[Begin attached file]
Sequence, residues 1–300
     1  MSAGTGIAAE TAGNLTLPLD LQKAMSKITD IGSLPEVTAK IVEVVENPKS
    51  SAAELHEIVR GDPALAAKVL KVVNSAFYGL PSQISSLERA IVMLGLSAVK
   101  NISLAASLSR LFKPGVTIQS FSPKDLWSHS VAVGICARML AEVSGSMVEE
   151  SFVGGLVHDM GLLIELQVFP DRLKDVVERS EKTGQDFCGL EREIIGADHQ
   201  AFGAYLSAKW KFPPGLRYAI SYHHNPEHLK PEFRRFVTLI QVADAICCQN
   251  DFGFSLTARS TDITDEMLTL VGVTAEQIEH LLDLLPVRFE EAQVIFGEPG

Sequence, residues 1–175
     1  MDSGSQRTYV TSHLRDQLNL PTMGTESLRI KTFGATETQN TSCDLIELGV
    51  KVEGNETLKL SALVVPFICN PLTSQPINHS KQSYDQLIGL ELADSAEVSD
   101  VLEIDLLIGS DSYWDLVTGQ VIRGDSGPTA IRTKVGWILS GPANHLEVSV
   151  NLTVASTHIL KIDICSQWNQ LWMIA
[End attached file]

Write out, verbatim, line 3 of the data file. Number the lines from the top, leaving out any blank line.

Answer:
    51  SAAELHEIVR GDPALAAKVL KVVNSAFYGL PSQISSLERA IVMLGLSAVK